Convicted criminals who leave taxpayers to foot their legal bills, when they can afford to pay, will no longer be able to get it away with, Justice Secretary Chris Grayling announced today.
With £700 million a year spent on Crown Court legal aid, and only about 20% of what should be paid back currently collected, criminals too often leave innocent taxpayers to foot their bills by deliberately cheating the system.
Tough, new enforcement action will be taken against criminals who hide their wealth or who refuse to cooperate with financial assessments. New powers that allow cars to be seized if they refuse to pay will also be implemented.
This gives effect to a strengthened enforcement regime to support the changes made under the Legal Aid, Sentencing and Punishment of Offenders Act 2012.
Justice Secretary Chris Grayling said:
‘It is scandalous that each year innocent taxpayers pay more than £20 million towards the defence of criminals who can afford to pay for themselves. This cannot be allowed to continue.
‘Legal aid is not free - it is taxpayers’ money. That is why I am introducing these tough, new enforcement measures to stop criminals cheating the system.’
Anyone accused of a crime is granted legal aid to pay for their defence. Defendants in Crown Court cases will then be means tested to judge if they can afford to pay for some, or all, of their legal bills. If convicted and judged capable of doing so, criminals are then required to pay.
Currently, too many criminals evade doing so by playing the system - refusing to cooperate with attempts to assess their income or the value of any financial assets they may have or hiding income or assets to appear unable to pay.
Now if a criminal is believed to have assets but is refusing to provide the financial information needed to asses their contribution, they will simply be actively pursued for their entirety of their bill.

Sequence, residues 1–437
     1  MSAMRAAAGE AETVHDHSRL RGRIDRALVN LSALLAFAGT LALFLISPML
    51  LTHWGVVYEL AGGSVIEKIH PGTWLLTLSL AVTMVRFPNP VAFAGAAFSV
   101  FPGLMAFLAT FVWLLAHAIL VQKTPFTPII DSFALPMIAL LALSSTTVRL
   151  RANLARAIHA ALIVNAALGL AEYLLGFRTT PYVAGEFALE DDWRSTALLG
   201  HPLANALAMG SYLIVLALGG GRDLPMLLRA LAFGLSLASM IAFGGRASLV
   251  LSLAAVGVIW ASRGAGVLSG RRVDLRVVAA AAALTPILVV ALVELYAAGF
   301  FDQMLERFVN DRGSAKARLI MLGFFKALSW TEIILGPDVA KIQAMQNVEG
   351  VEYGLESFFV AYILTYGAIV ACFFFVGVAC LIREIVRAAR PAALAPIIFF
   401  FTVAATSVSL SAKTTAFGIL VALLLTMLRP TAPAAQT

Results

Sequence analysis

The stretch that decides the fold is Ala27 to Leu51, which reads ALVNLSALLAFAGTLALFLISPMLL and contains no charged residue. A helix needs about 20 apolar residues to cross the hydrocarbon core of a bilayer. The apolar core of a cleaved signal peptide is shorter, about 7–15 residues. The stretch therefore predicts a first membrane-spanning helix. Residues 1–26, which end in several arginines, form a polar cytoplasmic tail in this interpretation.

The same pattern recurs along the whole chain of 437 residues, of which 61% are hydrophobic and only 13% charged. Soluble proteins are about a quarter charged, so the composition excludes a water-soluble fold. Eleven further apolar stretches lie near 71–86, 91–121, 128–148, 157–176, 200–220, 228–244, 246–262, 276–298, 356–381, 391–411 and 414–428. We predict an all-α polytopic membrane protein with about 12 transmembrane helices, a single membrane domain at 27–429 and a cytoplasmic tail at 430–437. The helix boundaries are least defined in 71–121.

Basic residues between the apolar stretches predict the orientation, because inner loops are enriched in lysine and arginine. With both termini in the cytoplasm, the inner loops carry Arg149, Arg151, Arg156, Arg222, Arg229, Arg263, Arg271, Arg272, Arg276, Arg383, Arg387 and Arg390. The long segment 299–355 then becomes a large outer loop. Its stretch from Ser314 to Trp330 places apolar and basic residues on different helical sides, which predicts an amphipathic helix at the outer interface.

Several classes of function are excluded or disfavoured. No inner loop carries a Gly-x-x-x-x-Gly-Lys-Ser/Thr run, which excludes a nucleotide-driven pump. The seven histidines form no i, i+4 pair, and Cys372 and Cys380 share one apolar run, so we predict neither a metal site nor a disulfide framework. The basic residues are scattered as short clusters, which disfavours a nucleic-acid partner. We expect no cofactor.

When criminals hide assets or earnings which are uncovered after their legal aid contribution order has been imposed, the power will exist to amend this so they pay more.
New powers will also be introduced to allow vehicles to be clamped and sold if criminals fail to make the ordered payments toward their legal aid costs.
Notes to editors:
- The Government’s formal response to the Crown Court Means Testing consultation - which was issued in October 2012 - has been published today.
- For a defendant facing trial at the Crown Court, provided he/she submits a completed application form they will be granted legal aid. Under the Crown Court Means Testing scheme, a financial assessment of the defendant’s means is then used to determine whether or not the defendant should be asked to pay a contribution towards their legal aid defence costs from their income and/or capital assets.
- If the defendant is liable to pay a contribution from income, he/she will be issued with an Income Contribution Order comprising 6 monthly payments.
- If the defendant is convicted at the end of the trial, they may be liable to pay any outstanding defence costs from their capital assets through a Capital Contribution Order. In the event of an acquittal, the defendant will be refunded any income contributions.
- Means Testing was introduced in Magistrates Courts in 2006 and was extended to Crown Courts in 2010.